Avoid Bringing Your Family to These Houston Attractions This Holiday Season
As the holidays approach, so do the annual family reunions. And even if you have a good relationship with your relatives, spending entire days with them might be a little taxing. If you're hosting the family gathering here in Houston this year, you naturally have to come up with things to do, ways to show off the city to your relatives in order to keep everybody calm, happy and on their best behavior when it comes to talking about politics.
Yet many of the most obvious and famous places in Houston actually aren't as enjoyable for family visits as you might initially imagine. They might be more appealing to children than an adult family, or present practical difficulties that destroy any of the fun you might have gotten out of the visit. Below, we've assembled a list of attractions and places that seem like they'd be a good idea to visit with your family from out of town – until you get there.
Space Center Houston
It feels a little sacrilegious to say this so soon after the death of John Glenn, the first American to orbit the earth, but it's still true: Visiting Space Center Houston is a little, well, boring. While the tours of the NASA Johnson Space Center and the work that the organization does there are very cool, the actual Space Center Houston building simply doesn't have much going for it when it comes to a family visit. Most of the information contained in its exhibits is information you and your family likely already know, if you've ever watched Apollo 13 or The Right Stuff, while the rest of Space Center Houston consists primarily of gift shops and activities oriented toward kids. After you take the tram tour to the Johnson Space Center and check out Rocket Park, you and your family will likely be out of things to do – and at $29.95 per adult head, it's a pretty expensive way to kill time.
The Rothko Chapel is fantastic - but much better to enjoy on your own.
Photo by Carter Sherman
The Museum District's Rothko Chapel is lovely, tranquil, relaxing – when you're alone. When you've got a pack of family members to entertain, you're much more likely to spend your time in the chapel trying to explain that, no, the canvases adorning the walls are not all the same, instead of sitting and reflecting peacefully. And even if your relatives are modern-art lovers, chances are they'll likely sit for a few minutes to take it in, then ask when you want to leave. (We speak from personal experience.) You've only got a short amount of time to spend together, so why waste it sitting in silence?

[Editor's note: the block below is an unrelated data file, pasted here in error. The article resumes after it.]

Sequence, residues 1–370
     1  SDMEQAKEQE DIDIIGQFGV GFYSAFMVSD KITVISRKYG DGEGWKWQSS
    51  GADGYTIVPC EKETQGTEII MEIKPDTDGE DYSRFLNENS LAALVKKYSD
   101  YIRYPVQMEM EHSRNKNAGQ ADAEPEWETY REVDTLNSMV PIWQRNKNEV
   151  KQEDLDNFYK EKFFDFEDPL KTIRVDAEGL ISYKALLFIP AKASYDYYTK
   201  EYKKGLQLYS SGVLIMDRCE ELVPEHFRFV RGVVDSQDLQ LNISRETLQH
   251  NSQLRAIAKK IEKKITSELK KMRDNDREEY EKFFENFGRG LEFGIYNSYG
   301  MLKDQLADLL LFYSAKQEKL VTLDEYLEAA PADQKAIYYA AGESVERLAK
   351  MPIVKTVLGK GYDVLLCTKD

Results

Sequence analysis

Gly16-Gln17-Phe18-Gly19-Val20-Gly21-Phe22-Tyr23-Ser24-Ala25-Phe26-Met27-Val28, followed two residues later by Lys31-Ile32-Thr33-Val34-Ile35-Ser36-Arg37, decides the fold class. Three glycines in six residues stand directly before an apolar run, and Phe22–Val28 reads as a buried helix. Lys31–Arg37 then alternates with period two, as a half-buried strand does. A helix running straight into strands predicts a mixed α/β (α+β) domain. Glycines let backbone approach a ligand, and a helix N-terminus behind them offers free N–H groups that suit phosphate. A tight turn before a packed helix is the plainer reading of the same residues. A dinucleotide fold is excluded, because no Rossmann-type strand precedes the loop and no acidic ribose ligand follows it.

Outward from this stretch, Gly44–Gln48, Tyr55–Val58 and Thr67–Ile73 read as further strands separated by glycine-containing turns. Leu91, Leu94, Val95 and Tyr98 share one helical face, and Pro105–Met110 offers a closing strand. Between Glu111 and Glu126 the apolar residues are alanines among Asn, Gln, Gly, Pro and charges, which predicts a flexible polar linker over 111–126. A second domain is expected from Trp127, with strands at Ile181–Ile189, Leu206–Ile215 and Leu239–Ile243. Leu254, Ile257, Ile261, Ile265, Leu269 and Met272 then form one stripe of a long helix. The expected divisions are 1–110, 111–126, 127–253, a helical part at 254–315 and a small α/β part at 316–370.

While this looks fun for the whole family, looks can be deceptive.
Photo courtesy of Discovery Green
Ice skating at Discovery Green
Sure, ice skating in Texas sounds like a fun, novel idea. You can show your visiting relatives how Texans do winter, and you don't even have to put on a coat. But it turns out that ice skating in balmy Houston just doesn't have the same charm as ice skating in, you know, actual cold. When it's 60 degrees out, nobody wants to drink hot chocolate no matter how many marshmallows you put in it; after a few listless laps around the rink, you're more likely to want a lemonade instead of anything steaming. Plus, if you haven't yet had the pleasure, falling on ice while wearing shorts is not the most enjoyable experience.
As a kid, visiting the aquarium with your family might have been the highlight of your week. You got to touch sea animals and see clown fishes, just like in Finding Nemo. But for an adult, the magic is gone. While riding a train through a shark tank on the Shark Voyage is exciting, the rest of the aquarium is simply not memorable enough to merit taking up some of your limited time with your family. And yes, the aquarium has white tigers – the question of why is one we'll leave to another reporter – but because the cage they're housed in is dismal and depressing, it doesn't really redeem the experience.
The Galleria is an iconic mall, accommodating more than 30 million visitors each year to its 400 stores and restaurants, according to its website. But between finding parking, walking to and from the stores you actually want to visit and then trying to locate your car again – after you inevitably lose it in one of The Galleria's six parking garages – you and your family will likely spend more time getting to and from the mall than actually shopping inside it. Plus, the longer you and your family wander aimlessly in an attempt to find the car, the higher tensions will rise and the better the chances of an argument. Better to just leave the shopping for a day when your relatives aren't in town.
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